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Tektronix 2215A

AndrewBrolowski

Mar 7, 2014
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I just bought a Tektronix 2215A o-scope and it all functions work well EXCEPT that the both traces on the CRT gradually fade to becoming nearly invisible when the "A and B SEC/DIV" is decreased to below 0.2 microseconds (...and 0.1 and 0.05 being the last lowest time settings). I suspect it is degassing of the CRT but would really appreciate additional opinions before I tear into it.

Andrew
 

davenn

Moderator
Sep 5, 2009
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Sep 5, 2009
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Hi Andrew
welcome to Electronics Point :)

tho you may get some answers here
if not there a really good tektronix group on yahoo groups
that I have belonged to for many years and lots of very good help will be found :)

http://groups.yahoo.com/group/TekScopes/

cheers
Dave
 

elebish

Aug 16, 2013
177
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Aug 16, 2013
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177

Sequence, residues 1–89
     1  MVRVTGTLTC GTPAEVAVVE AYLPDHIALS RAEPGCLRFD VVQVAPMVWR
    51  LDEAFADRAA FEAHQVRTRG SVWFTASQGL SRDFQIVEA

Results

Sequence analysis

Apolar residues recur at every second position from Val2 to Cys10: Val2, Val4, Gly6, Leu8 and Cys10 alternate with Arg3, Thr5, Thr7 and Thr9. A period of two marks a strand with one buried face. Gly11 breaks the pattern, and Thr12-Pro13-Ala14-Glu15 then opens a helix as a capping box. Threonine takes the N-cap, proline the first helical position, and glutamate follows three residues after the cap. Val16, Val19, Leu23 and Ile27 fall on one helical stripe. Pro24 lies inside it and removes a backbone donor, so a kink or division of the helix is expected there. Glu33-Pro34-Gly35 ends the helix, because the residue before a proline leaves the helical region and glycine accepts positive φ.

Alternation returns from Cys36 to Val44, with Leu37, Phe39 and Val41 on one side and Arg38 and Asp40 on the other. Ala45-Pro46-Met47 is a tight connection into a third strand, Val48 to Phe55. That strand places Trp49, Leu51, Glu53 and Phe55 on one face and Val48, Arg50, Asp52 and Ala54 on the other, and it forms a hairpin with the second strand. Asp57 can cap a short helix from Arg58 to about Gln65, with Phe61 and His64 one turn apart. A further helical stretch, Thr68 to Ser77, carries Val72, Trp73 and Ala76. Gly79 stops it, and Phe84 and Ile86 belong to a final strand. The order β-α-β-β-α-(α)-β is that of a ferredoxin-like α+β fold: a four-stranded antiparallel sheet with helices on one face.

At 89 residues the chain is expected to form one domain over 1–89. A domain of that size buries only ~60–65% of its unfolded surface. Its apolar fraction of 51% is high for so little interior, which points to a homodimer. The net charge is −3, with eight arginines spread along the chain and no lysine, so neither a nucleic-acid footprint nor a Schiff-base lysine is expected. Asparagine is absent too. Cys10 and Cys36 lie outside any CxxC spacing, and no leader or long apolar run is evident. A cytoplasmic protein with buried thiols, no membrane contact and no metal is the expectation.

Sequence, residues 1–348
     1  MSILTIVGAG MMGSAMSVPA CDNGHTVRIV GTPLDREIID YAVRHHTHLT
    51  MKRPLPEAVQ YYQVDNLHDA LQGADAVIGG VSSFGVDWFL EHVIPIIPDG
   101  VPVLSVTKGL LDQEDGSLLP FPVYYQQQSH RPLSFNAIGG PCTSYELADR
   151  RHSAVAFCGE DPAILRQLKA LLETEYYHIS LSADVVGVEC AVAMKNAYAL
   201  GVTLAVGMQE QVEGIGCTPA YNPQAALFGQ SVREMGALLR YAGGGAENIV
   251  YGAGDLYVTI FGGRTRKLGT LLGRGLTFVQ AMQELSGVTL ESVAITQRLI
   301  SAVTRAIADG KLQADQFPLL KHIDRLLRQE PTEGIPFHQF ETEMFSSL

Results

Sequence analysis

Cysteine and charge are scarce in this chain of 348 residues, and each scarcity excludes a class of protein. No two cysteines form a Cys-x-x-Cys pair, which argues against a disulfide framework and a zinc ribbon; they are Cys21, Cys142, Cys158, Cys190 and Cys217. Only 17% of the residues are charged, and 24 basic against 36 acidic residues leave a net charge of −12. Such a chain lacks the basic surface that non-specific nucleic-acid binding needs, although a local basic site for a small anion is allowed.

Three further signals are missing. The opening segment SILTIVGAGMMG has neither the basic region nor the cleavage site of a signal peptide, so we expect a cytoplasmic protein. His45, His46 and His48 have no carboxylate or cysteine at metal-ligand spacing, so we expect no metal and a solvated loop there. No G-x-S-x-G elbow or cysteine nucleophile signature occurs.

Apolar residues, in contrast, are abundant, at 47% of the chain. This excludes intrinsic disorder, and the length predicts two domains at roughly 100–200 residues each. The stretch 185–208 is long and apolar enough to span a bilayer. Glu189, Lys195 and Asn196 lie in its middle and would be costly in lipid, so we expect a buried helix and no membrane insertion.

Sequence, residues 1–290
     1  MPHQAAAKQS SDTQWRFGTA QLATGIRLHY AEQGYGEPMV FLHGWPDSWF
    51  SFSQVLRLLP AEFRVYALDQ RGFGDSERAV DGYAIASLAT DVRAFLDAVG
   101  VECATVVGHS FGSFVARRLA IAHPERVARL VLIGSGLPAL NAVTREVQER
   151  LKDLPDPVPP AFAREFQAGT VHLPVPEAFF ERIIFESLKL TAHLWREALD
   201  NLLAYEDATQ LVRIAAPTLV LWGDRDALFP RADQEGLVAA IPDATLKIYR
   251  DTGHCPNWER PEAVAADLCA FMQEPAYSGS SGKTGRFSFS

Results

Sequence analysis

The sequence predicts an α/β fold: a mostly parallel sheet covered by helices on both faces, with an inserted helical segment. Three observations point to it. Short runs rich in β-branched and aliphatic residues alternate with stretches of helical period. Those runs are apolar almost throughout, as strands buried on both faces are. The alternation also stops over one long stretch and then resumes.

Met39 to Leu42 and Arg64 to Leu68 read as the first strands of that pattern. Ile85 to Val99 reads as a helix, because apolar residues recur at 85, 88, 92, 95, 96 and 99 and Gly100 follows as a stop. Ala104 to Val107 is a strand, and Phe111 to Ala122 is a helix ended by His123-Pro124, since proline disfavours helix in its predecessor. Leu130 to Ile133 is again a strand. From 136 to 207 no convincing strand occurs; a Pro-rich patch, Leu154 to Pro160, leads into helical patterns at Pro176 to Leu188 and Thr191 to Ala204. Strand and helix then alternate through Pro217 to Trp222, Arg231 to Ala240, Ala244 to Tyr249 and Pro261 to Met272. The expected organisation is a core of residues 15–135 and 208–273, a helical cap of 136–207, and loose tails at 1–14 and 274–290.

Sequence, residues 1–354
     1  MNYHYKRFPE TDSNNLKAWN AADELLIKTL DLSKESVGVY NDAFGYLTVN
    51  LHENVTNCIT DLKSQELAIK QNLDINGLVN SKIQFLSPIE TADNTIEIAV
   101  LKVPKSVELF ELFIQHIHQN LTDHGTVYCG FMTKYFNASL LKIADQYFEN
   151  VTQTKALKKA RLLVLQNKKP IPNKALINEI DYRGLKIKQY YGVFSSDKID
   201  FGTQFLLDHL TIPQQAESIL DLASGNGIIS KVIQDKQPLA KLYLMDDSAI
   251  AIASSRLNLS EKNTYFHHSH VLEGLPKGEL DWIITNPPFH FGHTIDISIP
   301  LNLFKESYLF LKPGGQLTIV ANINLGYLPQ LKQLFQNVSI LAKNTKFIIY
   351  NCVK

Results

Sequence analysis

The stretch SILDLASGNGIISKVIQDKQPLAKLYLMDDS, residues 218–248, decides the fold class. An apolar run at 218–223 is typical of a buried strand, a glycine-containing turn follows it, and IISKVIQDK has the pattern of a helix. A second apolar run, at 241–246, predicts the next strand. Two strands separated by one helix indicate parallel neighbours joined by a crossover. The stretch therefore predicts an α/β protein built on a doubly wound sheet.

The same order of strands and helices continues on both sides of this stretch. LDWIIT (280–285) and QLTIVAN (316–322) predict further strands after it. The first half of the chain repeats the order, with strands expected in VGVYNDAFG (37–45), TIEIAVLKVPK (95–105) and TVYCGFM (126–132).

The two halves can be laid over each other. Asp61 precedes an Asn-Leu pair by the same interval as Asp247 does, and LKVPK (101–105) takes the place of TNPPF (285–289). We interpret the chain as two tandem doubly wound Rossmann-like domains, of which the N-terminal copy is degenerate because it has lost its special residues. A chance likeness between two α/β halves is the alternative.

I just bought a Tektronix 2215A o-scope and it all functions work well EXCEPT that the both traces on the CRT gradually fade to becoming nearly invisible when the "A and B SEC/DIV" is decreased to below 0.2 microseconds (...and 0.1 and 0.05 being the last lowest time settings). I suspect it is degassing of the CRT but would really appreciate additional opinions before I tear into it.

Andrew
Most scopes use a brightness enhancement circuit to brighten the trace when the time base switches to higher speeds. Sounds as though your problem is the opposite! I would check the crt cathode voltage at different sweep speeds. The potential should be approx. a negative 2400 vdc. There are also "unblanking" circuits that are used for eliminating the retrace lines that are controlled by sawtooth waveforms that are produced in the horiz sweep circuits. The trigger circuits provide the trigger to start the sweep. Make voltage measurements in the Z axis and horiz sweep circuits first but be careful of the higher voltages that can bite.
Another problem can be the persistence of the phosphor is degraded enough to not maintain a bright enough trace when sweep speeds are slow. That would indicate a bad crt. NOTE: The high voltage to the anode of the crt should be about 12000 to 15000 vdc, enough to cause severe dilatation of the eyeballs! Ed.
 

shrtrnd

Jan 15, 2010
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All good advice above.
The first thing I'd do however, is increase the CRT 'intensity' pot, to see if those signals become visible.
 
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